Cancer Antigen 27.29 (TRU-QUANT)

Cancer Antigen 27.29 (CA 27.29) is a glycoprotein found on the surface of epithelial cells such as breast cancer cells. Levels may be increased in people with breast cancer, but also with cancers such as lung cancer, colon cancer, and ovarian cancer, as well as benign conditions like ovarian cysts and liver disease.

It may be used to:

  • Supplemental diagnostic testing: While never used alone, it may be used as an added test in making the diagnosis of breast cancer.
  • Monitor for recurrence: Increasing levels of CA 27.29 might mean a recurrence of breast cancer, and levels often begin to increase around 5 months before signs of a recurrence are noted. Still, it's not certain whether detecting a recurrence early can make any difference in long-term survival.
  • Monitor for progression: Increasing levels often mean cancer is progressing.
  • Evaluate the response to treatment: If a treatment is working, levels often decrease.

In general, the CA 27.29 test provides information that is very similar to the CA 15-3 test, and most of the time, only one of these tests will be ordered. Your doctor may refer to this test by the brand name TRU-QUANT.

Cancer Antigen-125

Cancer antigen 125 (CA-125) is more commonly known for monitoring ovarian cancer but may be used as a test to monitor breast cancer as well.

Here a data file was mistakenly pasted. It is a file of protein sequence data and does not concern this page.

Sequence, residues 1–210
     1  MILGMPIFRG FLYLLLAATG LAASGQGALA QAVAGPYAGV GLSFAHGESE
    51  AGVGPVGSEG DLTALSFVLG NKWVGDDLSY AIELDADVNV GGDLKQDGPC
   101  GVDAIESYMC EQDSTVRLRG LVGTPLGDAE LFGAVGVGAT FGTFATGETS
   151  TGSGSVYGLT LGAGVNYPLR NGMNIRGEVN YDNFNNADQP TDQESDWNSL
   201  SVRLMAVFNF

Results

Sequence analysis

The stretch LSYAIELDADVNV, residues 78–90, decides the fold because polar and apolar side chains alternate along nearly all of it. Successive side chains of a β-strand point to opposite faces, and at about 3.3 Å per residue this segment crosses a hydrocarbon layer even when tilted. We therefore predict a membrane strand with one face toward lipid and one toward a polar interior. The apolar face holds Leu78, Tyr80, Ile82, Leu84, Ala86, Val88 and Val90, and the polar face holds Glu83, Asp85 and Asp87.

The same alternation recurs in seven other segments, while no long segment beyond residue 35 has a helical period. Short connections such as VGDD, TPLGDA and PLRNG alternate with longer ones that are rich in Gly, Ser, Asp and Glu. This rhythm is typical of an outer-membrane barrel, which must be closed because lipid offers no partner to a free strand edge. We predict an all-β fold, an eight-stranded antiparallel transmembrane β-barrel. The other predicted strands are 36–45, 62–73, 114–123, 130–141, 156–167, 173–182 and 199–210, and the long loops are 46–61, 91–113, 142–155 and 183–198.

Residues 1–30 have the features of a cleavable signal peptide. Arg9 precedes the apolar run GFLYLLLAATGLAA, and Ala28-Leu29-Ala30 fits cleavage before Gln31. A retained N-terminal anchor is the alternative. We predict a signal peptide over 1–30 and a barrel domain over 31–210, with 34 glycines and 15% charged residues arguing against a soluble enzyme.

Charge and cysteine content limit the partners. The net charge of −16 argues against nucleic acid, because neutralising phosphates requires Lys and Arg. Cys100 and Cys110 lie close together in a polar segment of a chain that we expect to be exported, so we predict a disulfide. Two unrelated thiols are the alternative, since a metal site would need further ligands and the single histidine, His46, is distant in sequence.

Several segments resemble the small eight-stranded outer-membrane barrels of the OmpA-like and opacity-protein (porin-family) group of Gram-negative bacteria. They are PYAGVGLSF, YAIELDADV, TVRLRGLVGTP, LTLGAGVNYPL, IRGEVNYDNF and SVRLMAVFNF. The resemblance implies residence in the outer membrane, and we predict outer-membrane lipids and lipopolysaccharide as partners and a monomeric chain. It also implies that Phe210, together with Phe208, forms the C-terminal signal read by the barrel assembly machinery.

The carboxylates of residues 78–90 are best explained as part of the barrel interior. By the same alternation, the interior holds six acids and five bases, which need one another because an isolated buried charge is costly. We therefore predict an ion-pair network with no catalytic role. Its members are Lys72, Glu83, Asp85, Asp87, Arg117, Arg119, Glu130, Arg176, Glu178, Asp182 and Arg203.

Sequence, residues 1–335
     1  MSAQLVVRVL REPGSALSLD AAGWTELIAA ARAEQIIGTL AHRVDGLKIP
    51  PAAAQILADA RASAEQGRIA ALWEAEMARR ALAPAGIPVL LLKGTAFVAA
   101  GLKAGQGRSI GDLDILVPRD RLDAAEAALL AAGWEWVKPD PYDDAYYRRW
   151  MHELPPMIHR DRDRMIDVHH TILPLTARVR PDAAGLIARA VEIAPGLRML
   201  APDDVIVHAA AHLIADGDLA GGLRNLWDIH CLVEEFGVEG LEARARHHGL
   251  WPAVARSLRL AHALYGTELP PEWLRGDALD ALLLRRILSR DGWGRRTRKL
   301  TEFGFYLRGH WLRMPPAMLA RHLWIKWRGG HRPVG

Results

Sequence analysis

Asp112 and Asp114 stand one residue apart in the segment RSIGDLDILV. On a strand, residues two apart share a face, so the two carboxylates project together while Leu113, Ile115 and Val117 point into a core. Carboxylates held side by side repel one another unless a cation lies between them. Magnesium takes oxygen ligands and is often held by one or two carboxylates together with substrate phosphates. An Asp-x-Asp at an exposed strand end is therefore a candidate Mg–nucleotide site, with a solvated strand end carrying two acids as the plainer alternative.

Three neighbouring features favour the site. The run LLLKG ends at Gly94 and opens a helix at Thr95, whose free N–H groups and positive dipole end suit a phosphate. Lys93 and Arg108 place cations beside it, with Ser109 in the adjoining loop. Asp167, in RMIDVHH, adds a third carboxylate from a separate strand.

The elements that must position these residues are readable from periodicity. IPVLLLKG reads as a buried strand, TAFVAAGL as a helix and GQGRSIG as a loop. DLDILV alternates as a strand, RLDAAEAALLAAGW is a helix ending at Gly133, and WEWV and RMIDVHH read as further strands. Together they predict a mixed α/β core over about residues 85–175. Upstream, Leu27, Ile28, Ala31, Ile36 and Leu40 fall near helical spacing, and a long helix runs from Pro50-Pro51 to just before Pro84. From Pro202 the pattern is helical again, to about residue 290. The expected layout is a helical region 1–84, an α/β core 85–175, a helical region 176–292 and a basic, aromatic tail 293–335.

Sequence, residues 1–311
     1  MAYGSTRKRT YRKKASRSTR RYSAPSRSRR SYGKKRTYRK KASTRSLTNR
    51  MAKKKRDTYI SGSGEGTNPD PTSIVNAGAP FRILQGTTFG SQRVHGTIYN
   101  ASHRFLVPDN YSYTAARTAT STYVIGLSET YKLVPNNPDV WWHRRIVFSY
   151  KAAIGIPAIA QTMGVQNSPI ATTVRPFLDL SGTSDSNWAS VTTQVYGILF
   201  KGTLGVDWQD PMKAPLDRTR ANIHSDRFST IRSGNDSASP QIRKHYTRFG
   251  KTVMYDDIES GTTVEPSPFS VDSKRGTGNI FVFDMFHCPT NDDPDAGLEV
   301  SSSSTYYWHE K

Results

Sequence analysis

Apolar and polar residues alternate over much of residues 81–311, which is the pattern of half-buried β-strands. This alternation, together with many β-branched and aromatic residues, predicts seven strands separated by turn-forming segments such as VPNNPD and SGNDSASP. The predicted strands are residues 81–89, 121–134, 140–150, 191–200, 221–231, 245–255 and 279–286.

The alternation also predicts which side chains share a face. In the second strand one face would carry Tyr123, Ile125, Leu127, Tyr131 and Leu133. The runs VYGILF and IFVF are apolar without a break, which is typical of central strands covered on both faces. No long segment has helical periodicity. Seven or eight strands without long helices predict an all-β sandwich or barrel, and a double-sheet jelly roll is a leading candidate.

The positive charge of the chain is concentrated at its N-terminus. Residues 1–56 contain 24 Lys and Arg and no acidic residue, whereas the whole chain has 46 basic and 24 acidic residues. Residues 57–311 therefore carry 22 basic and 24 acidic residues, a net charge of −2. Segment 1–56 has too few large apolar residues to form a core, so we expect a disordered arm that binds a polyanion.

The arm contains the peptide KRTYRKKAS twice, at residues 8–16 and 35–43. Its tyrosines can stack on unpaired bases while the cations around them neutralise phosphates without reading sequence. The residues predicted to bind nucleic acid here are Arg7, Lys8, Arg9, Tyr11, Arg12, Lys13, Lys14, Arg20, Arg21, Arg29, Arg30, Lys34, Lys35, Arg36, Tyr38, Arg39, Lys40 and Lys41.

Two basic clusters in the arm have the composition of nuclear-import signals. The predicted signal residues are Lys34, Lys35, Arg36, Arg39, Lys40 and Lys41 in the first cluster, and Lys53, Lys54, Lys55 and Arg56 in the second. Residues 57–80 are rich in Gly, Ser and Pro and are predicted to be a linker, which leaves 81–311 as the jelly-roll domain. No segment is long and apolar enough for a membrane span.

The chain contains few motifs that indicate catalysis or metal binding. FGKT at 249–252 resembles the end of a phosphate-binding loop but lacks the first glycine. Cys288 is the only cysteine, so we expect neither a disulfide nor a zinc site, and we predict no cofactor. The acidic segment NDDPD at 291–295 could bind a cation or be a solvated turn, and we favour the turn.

Carcinoembryonic Antigen

Carcinoembryonic Antigen (CEA) is present, in small amounts, in everyone's blood, but levels can be elevated with a number of different cancers, including those of the breast, colon, pancreas, and more, as well as in several benign conditions. Levels are also increased in people who smoke.

The use of CEA during chemotherapy is problematic because the treatment often causes levels to rise, even if the chemo is effective at breaking down the cancer cells.

Circulating Tumor Cells (CTCs)

When a tumor is present, some cells continually break off and are absorbed into the bloodstream. A test for circulating tumor cells identifies these. The CellSearch CTC test is most often used for people who have metastatic breast cancer, and it may have a place in guiding treatment decisions, such as whether or not to use single therapy.

Though still investigational, CTC results may be used down the line to predict who will have a late recurrence of breast cancer. For women who have estrogen receptor-positive breast cancer, roughly 50 percent of recurrences develop at least 5 years after the initial diagnosis. Researchers have found that when CTCs are detected 5 years after diagnosis, the chance of recurrence is 21.7 times higher than when they're not detected. In the future, the test could be used to help answer questions like how long medications such as aromatase inhibitors should be continued.


Tumor-marker testing for breast cancer does come with several limitations, including false negatives and false positives.